I will be right up-front with you, I'm going
full circle with this; you may not learn a darn
thing. However it may save you some time or
trouble along the way. The fact is, many just
use a hunk of mono the right size and length
to get the job done. It seems the smaller the
fly, the fussier guys get about the leaders
until both leader and fly become invisible.
They stop there, I think.
I remember one cold rainy summer evening fishing
the AuSable in Michigan with Sonny Cogan. We waited
until dark, strung up our trusty rods, his white,
mine yellow, put a five foot section of 12 pound
mono on with a weighted woollybugger at the end.
Downstream and dirty was the game. He went ahead
of me and I followed to pick up any he had not
frightened too badly.
Of course it worked, we got wet and we caught
some browns. As I recall, neither of us broke
any 'leaders' either. I would shudder to
actually know the percentage of trout or fish
for that matter caught on just mono for a leader
compared to fancy leaders. Oh sure, the saltwater
guys do it all the time, but I mean the fresh
water guys on streams and ponds.
So over a few years I got sophisticated and only
fished with tapered leaders. Not just any tapered
leaders, not me, only the 'green' one's from
Jack's Fly Shop in Roscommon, Michigan. I always
stopped there for flies that were currently 'hot'
and whatever else I could rationalize I could not
possibly live another day without. These leaders
were tied by Jack himself. I still have no idea
what mono he used, it never was an issue. The
'secret' was in the formula he used for the lengths.
They came in three or four lengths and various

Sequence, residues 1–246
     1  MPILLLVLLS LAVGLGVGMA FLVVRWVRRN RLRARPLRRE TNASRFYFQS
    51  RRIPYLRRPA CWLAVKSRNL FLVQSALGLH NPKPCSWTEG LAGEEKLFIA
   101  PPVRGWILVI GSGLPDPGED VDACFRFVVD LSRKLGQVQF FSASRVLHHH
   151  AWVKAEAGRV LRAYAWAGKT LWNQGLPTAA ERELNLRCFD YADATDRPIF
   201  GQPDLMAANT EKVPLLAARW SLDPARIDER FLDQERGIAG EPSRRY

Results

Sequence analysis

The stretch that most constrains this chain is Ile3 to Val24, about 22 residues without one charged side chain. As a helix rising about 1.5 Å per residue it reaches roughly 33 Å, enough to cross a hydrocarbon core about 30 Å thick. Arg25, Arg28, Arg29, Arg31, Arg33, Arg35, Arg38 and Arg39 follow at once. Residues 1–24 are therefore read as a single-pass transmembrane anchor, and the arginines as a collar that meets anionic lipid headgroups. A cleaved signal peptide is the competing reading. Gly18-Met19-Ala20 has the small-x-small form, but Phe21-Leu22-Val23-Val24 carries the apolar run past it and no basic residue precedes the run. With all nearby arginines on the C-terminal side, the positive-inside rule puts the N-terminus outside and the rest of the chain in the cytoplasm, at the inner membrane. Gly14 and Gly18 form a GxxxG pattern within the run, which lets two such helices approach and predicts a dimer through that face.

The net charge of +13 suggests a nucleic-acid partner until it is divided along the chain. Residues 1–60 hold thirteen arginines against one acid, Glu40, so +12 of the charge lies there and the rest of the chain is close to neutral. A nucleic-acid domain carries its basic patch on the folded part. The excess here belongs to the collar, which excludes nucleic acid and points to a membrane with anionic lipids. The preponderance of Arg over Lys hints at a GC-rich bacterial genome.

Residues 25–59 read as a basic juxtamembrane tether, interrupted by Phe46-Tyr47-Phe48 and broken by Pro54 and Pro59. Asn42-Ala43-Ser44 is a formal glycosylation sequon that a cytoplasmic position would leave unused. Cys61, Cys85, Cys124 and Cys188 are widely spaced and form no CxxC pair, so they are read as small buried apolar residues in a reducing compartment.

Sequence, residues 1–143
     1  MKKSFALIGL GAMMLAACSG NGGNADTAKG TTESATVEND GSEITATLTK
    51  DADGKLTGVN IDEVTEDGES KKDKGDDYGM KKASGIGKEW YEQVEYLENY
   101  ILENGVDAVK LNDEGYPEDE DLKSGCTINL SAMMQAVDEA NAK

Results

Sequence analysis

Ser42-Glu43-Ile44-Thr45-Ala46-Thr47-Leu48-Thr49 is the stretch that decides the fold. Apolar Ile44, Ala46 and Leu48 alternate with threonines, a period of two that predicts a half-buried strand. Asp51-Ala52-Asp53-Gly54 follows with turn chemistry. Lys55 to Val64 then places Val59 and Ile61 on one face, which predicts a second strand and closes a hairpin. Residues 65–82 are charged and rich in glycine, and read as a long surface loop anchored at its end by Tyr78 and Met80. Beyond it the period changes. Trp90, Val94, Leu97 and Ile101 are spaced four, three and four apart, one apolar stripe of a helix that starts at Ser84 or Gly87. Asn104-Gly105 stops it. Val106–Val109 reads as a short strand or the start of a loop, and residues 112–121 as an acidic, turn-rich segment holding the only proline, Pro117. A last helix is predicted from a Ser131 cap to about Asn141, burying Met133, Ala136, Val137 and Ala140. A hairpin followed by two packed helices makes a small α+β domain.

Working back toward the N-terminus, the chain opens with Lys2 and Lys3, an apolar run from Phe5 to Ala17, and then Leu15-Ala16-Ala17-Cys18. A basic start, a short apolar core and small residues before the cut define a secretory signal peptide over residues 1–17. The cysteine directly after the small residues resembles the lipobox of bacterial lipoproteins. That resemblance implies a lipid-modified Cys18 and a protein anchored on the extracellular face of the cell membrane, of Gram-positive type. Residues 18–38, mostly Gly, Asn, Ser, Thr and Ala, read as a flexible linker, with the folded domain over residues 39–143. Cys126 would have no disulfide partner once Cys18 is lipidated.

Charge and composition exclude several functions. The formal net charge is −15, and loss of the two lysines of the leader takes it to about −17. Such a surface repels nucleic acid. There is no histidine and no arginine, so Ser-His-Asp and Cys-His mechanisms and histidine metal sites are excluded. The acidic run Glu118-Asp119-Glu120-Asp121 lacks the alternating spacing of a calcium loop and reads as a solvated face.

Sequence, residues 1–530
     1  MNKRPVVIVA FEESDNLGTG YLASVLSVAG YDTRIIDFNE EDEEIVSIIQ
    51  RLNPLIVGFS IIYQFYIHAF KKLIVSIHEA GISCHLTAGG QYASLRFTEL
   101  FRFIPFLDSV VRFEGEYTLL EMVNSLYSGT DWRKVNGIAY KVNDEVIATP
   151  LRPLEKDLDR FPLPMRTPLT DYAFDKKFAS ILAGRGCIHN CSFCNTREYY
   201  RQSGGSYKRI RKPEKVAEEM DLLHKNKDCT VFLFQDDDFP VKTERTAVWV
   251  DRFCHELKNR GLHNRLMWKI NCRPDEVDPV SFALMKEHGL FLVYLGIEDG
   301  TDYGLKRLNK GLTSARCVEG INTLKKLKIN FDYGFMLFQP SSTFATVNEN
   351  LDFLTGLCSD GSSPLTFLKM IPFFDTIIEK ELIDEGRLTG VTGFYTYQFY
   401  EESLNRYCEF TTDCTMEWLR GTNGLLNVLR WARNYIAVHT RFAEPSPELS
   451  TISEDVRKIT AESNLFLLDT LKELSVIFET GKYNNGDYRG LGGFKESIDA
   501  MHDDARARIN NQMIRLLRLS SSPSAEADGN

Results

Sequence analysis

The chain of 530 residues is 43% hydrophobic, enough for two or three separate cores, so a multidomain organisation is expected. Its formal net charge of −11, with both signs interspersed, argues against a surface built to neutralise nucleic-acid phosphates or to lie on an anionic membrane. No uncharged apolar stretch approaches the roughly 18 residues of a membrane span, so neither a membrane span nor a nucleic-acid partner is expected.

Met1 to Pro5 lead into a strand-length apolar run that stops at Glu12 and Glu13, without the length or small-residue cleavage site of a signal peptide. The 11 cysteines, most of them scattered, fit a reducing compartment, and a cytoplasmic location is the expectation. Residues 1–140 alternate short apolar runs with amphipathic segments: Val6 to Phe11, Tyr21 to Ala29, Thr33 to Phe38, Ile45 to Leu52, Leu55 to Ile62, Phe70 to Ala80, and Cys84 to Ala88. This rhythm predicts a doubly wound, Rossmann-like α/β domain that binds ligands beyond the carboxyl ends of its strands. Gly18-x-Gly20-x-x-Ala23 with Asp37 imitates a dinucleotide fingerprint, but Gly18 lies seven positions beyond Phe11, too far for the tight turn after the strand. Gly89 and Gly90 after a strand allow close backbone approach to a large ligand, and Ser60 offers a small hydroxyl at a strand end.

strengths. I always picked up a couple every time
on my way to fish the Main Stream at Grayling.
Just an sidebar here. Jack sold a special fly
cleaning and floating liquid in a small big-mouthed
bottle. You would drop your fly in it, shake it up,
pull the fly out, air dry it and cast it. It did
not take too long for the pretty colored rings
from the tri-chlor to fade away and you could
actually cast to a fish with it. I mention this
not because it worked so well, but due to it's
rather unusual color. Light yellow. Jack claims
the color was a vital part of it's success. As
delicately as I can phrase this; he strongly
alluded to the fact that his dog was heavily
involved with the job of the coloring operation.
This never was proven, but is one of the things
that haunts the annals of fly-fishing lore in
the jackpine, cedar swamps of central Michigan.
Back to leaders. Save money. Tie my own. Bought
enough leader material to tie them, spent a small
fortune. Tied my own leaders. Big deal. I copied
Jack's exactly. Big deal. The magic was gone, now
they were just 'leaders.' No longer a special
thing needed for each trip, now just plain leaders.
I got around this enigma by switching to 'one
piece tapered leaders.' Rationalization convinced
me that grass and weeds and slim got tangled on
all the tiny little leader knots and I would be
better off without them. Only one knot, leader
to tippet. Thirty years later I tried to use
some of the material I had bought for tying my
own leaders, it seemed to have lost something,
threw it all out.
I still use tapered leaders for most of what I do.
Trout for sure, Bonefish, Salmon. The only time I
used a straight section of mono was on a Barracuda
in the Bahamas this past spring. As to whether you
should tie your own or buy tied or tapered is for
you to answer.
Did I forget to mention Poly leaders? Furled leaders?
No, I didn't forget. ~ JC